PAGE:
“With my husband as an essential worker, I found myself homeschooling our 8-year-old,” Bucher recalls. “I thought the classes I enrolled in would be canceled.” Instead, Bucher could keep working on her certificate while keeping her family and herself safe. “Torrance Adult School immediately adapted and offered all the classes online,” she says. “I considered withdrawing because I did not want to take a self-paced online course. My instructors made themselves available via email, and virtual classroom meetings where they lectured and presented all the coursework needed to prepare me for the upcoming certification exams.” Bucher not only completed her original coursework, she accomplished a lot more. “In approximately 11 weeks, I received six certificates, two of which were certifications (as a Microsoft Office Specialist in Excel and as an Intuit QuickBooks Online Certified User),” Bucher says. Torrance Adult School also gave her the resources to find a new job including resume writing, interview workshops and virtual job fairs. “Within 10 days of completing the Business and Finance Program, I began working as a freelance bookkeeper,” she says. “My client was impressed by the quality of work I provided and has begun to recommend me to other colleagues. “I highly recommend Torrance Adult School to anyone that would like to have additional skills to further their career,” she adds, “or anyone who is undecided about attending college or is not sure what career field they want to pursue.” To learn more about Torrance Adult School, visit www.tastusd. org.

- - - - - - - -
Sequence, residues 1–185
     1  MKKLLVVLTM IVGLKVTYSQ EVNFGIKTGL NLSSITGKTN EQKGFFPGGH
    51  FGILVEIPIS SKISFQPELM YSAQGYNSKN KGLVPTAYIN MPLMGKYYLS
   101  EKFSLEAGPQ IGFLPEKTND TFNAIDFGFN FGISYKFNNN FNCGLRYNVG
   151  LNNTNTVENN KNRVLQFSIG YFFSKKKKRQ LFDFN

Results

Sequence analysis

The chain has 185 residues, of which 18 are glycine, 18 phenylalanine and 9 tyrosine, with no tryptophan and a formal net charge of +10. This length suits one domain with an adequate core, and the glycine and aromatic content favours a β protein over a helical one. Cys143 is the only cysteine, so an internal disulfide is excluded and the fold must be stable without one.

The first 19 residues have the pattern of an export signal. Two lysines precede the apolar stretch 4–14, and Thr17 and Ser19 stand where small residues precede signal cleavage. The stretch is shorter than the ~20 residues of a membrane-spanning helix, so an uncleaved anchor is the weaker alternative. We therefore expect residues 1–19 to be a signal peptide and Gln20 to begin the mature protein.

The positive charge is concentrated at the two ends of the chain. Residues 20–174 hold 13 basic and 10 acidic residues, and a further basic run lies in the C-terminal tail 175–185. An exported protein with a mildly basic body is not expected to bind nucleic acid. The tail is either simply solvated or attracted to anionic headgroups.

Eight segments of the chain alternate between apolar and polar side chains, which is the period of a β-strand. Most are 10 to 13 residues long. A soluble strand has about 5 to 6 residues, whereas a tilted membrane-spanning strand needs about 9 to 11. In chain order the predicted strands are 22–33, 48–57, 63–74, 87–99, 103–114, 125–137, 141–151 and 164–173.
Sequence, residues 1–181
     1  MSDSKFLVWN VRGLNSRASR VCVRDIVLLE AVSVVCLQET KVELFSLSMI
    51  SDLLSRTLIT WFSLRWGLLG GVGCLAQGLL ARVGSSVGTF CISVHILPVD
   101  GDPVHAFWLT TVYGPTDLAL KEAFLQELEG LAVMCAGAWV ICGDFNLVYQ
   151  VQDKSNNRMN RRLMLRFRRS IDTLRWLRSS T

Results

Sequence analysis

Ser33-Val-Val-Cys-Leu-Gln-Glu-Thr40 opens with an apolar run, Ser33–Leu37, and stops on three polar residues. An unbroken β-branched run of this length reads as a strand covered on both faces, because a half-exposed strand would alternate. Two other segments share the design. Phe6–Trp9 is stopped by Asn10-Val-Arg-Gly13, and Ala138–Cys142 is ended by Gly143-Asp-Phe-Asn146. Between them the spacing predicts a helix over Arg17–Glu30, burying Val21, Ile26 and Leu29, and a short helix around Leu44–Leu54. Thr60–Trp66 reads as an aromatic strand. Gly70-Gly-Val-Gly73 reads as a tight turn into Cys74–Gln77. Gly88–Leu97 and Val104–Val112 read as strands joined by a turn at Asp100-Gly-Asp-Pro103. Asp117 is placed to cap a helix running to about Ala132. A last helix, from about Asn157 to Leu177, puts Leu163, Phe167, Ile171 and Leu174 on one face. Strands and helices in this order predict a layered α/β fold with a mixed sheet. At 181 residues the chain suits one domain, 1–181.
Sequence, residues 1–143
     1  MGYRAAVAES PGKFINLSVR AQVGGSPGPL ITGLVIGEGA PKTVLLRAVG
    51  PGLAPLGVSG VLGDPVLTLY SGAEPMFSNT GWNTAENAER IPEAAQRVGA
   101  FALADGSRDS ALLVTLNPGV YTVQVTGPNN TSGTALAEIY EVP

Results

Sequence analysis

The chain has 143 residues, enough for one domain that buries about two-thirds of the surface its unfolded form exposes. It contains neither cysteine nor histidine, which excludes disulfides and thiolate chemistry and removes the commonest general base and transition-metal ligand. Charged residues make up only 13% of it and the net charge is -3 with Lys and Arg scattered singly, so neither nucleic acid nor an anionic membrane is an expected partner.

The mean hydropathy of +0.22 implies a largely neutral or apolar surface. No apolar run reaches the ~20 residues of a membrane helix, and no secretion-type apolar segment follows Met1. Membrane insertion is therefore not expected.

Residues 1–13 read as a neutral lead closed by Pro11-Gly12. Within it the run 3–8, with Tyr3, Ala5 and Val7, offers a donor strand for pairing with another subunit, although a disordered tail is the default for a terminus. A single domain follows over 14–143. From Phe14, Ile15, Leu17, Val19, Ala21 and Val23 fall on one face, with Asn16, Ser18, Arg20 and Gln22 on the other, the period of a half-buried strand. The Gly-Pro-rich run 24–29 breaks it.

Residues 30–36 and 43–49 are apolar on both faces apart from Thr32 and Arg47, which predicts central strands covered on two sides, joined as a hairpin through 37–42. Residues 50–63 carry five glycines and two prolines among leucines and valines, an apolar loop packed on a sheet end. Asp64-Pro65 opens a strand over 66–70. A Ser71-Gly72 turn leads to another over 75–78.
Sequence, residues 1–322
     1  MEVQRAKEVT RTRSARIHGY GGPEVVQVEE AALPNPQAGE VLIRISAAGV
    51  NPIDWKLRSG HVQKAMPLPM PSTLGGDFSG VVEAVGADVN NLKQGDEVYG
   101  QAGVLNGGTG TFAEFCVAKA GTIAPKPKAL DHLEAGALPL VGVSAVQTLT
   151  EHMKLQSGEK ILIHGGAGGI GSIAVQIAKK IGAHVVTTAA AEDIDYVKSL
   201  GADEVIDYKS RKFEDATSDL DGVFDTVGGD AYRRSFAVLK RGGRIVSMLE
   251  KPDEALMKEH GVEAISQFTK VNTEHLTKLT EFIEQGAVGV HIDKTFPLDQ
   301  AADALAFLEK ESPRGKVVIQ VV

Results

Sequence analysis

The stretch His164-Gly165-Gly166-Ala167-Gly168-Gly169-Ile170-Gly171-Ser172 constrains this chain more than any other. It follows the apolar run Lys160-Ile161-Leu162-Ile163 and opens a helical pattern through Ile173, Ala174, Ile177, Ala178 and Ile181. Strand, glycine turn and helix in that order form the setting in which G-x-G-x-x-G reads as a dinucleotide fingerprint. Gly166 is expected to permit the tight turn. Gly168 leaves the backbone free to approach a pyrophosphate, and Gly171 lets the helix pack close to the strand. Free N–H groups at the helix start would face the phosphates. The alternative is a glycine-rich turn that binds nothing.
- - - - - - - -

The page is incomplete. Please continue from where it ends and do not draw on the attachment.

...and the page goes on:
8 · PATHWAYS FOR EVERYONE · LOS ANGELES AREA REGIONAL CALIFORNIA ADULT EDUCATION PROGRAMS